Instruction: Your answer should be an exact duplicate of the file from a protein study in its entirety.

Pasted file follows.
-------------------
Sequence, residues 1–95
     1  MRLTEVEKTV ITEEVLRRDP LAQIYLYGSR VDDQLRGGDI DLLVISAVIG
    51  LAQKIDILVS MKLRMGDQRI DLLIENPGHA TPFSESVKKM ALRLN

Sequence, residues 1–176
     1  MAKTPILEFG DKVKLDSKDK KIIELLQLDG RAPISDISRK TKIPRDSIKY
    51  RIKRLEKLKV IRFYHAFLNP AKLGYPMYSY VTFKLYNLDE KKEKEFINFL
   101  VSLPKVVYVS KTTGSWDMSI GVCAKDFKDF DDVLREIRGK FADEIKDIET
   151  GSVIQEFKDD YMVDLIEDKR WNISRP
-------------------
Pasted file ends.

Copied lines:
Sequence, residues 1–95
     1  MRLTEVEKTV ITEEVLRRDP LAQIYLYGSR VDDQLRGGDI DLLVISAVIG
    51  LAQKIDILVS MKLRMGDQRI DLLIENPGHA TPFSESVKKM ALRLN

Sequence, residues 1–176
     1  MAKTPILEFG DKVKLDSKDK KIIELLQLDG RAPISDISRK TKIPRDSIKY
    51  RIKRLEKLKV IRFYHAFLNP AKLGYPMYSY VTFKLYNLDE KKEKEFINFL
   101  VSLPKVVYVS KTTGSWDMSI GVCAKDFKDF DDVLREIRGK FADEIKDIET
   151  GSVIQEFKDD YMVDLIEDKR WNISRP